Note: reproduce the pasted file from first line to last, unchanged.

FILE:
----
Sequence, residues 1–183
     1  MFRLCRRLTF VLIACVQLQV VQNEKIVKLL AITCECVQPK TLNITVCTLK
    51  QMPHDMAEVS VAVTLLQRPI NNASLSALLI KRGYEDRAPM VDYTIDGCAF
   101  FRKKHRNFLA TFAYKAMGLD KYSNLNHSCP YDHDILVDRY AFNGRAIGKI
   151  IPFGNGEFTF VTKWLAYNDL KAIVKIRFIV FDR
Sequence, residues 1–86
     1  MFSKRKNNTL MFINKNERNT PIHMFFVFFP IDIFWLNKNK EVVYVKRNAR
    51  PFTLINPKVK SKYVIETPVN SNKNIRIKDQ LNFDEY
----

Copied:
Sequence, residues 1–183
     1  MFRLCRRLTF VLIACVQLQV VQNEKIVKLL AITCECVQPK TLNITVCTLK
    51  QMPHDMAEVS VAVTLLQRPI NNASLSALLI KRGYEDRAPM VDYTIDGCAF
   101  FRKKHRNFLA TFAYKAMGLD KYSNLNHSCP YDHDILVDRY AFNGRAIGKI
   151  IPFGNGEFTF VTKWLAYNDL KAIVKIRFIV FDR
Sequence, residues 1–86
     1  MFSKRKNNTL MFINKNERNT PIHMFFVFFP IDIFWLNKNK EVVYVKRNAR
    51  PFTLINPKVK SKYVIETPVN SNKNIRIKDQ LNFDEY